Associated Files
Title
WBUR Oral History Project: Brian Corr
Title
WBUR Oral History Project: Brian Corr. Clip 2
Contributor
Corr, Brian (Interviewee)
Guberman, Jayne (Interviewer)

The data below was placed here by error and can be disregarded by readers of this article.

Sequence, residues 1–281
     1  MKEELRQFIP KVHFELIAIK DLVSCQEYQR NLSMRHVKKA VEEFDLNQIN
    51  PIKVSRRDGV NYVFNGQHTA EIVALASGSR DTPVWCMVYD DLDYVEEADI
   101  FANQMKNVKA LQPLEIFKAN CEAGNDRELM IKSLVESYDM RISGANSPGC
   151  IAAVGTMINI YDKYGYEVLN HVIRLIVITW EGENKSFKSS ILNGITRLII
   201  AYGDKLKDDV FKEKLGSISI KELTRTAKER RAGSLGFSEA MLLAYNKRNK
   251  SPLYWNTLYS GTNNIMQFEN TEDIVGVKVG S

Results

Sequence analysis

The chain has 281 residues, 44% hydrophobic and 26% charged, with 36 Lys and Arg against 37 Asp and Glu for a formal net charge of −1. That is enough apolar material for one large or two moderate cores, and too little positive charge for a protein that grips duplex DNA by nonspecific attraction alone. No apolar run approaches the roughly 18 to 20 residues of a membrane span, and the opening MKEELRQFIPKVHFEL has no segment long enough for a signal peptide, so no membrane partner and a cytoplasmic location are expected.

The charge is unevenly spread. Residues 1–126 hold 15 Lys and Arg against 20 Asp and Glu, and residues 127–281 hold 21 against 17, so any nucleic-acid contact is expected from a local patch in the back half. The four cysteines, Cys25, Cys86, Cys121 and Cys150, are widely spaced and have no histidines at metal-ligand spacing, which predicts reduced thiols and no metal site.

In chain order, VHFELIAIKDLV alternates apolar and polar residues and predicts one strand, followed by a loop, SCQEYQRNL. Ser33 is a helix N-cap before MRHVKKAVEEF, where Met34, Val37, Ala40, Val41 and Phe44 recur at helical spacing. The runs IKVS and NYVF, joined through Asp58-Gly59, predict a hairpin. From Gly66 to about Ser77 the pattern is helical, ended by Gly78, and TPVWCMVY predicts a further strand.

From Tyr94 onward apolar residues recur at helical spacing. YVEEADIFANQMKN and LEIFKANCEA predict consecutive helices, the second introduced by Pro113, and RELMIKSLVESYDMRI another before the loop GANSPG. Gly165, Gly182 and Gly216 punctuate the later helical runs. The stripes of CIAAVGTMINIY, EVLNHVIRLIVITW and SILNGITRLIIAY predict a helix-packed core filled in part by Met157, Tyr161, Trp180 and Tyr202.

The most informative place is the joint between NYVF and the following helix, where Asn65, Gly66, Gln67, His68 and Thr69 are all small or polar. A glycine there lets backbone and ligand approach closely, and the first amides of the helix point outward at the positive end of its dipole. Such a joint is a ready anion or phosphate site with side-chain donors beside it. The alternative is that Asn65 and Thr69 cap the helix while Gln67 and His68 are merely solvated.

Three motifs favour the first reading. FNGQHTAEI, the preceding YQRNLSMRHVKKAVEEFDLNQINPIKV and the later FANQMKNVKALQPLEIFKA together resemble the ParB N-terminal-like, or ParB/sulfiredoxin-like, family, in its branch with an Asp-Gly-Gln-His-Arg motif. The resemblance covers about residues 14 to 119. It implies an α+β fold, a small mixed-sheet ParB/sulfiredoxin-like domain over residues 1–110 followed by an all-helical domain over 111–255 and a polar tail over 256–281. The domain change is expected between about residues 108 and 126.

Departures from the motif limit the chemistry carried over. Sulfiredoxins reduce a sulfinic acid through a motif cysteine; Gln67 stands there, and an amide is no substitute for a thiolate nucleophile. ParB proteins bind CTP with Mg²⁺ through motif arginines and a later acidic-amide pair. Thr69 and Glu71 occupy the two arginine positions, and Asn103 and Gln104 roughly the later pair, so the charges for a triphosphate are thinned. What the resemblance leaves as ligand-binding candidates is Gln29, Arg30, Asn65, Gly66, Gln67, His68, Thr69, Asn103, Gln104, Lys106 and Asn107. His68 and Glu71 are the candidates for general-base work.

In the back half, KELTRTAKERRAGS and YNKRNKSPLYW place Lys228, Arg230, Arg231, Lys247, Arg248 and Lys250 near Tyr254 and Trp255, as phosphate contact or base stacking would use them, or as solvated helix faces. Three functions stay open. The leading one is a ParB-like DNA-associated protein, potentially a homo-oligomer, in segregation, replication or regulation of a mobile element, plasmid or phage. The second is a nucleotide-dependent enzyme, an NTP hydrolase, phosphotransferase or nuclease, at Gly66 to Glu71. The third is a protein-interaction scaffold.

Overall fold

Girdharry, Kristi (Recordist)
McDonough, Ryan (Contributor)
Language
English
Date created
February 11, 2014
Type of resource
Sound recording
Genre
Interviews
Oral histories (document genres)
Format
Sound Recording
Digital origin
born digital
Abstract/Description